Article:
What to Do When You Make a Medication Error


No health care professional ever wants to be the one to make a mistake, and certainly no one wants to be the victim of a medical mistake.

It’s been more than 300 years since Alexander Pope wrote, “To err is human; to forgive divine.” Despite this human truth, no health care professional ever wants to be the one to make a mistake, and certainly no one wants to be the victim of a medical mistake.

As professionals in an industry where the slightest deviation from perfection can be deadly, what do we do if we make a clinical error? What are the essential steps to protect our patients and ourselves? How do we properly document and remedy the situation? And lastly, how can we learn from the error that occurred, or from the error that could have been so that these errors might never occur?

The initial fight-or-flight response we have when we realize we’ve made an error (or a “near miss,” which is an error that’s caught and corrected before it reaches the patient) is to somehow hide it or cover it up. This emotional, fear-based response is absolutely the wrong thing to do! Concealing an error may not only exacerbate potential harm to the patient by delaying appropriate care, but also prevent the organization from identifying and addressing system issues that can cause future errors.

As soon as you realize an event has occurred, immediate action and analytical thinking are necessary. It’s important to avoid blaming others for your mistakes because you may lose the loyalty and respect of your colleagues and coworkers. Your primary responsibility as a professional is to take care of the patient! Swift action is critical, so identify any actualized and potential adverse reactions as soon as possible to prevent any adverse effect from occurring or worsening.

There are 2 facets to consider when discussing a medical error with a patient. The “human” interaction you have (ie, bedside manner) can have a tremendous impact on how the patient perceives you and the event. This perception might influence the second facet—the legal implications of making a mistake. The legal aspect is beyond this article’s scope, and I’d advise you speak with a lawyer and consult your institution’s policy on what to do and what not to do in the event that legal action is taken.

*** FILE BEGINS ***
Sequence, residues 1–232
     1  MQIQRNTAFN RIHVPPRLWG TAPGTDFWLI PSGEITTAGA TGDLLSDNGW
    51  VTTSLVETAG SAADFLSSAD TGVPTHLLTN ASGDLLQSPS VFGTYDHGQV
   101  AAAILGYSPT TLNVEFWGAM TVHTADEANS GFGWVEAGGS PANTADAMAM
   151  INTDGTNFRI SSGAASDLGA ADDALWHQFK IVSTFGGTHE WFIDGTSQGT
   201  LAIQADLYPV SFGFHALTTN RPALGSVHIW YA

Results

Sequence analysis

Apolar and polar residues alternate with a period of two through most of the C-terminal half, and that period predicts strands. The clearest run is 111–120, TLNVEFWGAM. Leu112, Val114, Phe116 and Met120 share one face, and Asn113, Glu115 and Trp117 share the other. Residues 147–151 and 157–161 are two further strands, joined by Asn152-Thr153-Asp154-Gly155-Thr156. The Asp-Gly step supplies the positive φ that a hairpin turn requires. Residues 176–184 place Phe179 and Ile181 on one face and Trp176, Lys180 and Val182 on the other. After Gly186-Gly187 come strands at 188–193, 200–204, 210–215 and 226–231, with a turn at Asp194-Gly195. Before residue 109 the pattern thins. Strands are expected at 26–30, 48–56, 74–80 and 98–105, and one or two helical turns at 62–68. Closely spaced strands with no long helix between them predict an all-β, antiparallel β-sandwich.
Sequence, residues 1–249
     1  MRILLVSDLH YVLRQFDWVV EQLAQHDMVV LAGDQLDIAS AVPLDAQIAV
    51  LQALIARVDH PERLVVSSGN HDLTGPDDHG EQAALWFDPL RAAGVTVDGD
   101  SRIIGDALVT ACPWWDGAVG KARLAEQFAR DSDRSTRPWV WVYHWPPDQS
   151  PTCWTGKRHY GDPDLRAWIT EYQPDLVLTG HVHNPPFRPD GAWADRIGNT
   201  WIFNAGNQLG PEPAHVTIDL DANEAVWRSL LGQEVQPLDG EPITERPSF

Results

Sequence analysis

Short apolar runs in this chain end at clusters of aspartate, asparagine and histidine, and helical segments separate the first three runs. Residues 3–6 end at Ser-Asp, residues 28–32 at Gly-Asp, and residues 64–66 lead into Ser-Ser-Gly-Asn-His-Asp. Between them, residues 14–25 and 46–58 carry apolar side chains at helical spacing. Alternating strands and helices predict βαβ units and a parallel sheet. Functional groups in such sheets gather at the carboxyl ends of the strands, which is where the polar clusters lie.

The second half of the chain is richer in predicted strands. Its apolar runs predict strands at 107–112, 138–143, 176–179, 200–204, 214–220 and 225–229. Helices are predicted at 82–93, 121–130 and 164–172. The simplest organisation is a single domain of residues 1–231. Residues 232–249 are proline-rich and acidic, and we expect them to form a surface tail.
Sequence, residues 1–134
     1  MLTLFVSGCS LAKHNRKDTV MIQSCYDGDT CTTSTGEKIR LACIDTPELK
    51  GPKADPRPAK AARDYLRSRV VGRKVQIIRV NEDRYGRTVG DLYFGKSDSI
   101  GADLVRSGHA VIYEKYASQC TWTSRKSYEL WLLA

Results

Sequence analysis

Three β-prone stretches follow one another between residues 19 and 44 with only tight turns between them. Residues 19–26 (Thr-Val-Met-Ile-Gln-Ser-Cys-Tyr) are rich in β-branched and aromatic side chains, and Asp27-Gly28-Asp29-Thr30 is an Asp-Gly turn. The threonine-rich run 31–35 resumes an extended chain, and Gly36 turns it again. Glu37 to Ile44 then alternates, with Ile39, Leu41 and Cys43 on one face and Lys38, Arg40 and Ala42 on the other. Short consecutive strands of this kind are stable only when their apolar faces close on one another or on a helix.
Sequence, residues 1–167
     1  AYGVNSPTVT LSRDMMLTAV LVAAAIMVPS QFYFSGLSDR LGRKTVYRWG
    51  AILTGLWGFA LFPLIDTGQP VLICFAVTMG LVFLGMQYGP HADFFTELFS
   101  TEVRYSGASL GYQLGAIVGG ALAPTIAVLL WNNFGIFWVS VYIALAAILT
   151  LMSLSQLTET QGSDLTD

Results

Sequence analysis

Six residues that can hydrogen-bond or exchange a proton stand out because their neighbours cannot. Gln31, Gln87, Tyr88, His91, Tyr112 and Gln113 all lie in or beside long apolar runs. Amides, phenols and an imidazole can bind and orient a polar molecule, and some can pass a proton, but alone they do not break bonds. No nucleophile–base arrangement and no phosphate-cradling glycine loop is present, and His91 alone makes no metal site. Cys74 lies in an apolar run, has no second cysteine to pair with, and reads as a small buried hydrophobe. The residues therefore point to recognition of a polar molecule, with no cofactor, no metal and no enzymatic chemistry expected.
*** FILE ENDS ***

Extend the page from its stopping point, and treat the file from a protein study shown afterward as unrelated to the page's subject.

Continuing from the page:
However, in the past 30 years, much evidence has been built to support the advantages of disclosing errors to patients. Speaking with the patient and the family about an error has been shown to generally reduce the incidence of lawsuits. Nevertheless, be sure to follow your facility’s policy.

Once the patient is taken care of, report the error according to your organization’s policy. The most important thing to consider is that only the truth and the facts matter. Describe the who, what, where, how, and why of the event. Such details can help uncover whether any deviations from the normal operating process occurred, if there are any systems issues that may have contributed to the error, and how similar events can be prevented in the future.

The quality of an error report is only as good as the reporting system that guides the reporter through the documentation process. Robust error reporting systems are vital in highlighting the absolute essential details needed to describe an event. The purpose of a comprehensive reporting system is to effectively and efficiently collect important information, uncover patterns and trends within the data, prioritize the events in a manner that allows management to address the most significant errors and error types observed, and relay the information back from management to frontline personnel in a fashion that describes the lessons learned from all original reports submitted by the frontline personnel.

This entire process creates a complete circle that integrates staff from all levels and combines efforts into a singular and purposeful cause: to learn from medical errors. The best time to report an event is as soon as possible after the occurrence, and the best individual to report the event is the individual who was involved or who discovered or observed the event. Institutions should encourage all employees to report events and not assume the issue is already known to management. To accomplish this, health care administrators must gradually and continuously foster the proper patient safety culture so employees feel safe reporting medical errors.

Making a mistake is bad, but not confronting it is worse. Correct your error(s) by making sure minimal or no harm is done by addressing the problem right away. Once the error is under control, follow the policies of your organization so the error can be understood and learned from as a means of preventing a similar occurrence from happening in the future.

Lastly, don’t dwell on your mistake; just be sure to learn from it so that you don’t repeat it. Do everything in your power to right your wrong and then move on.

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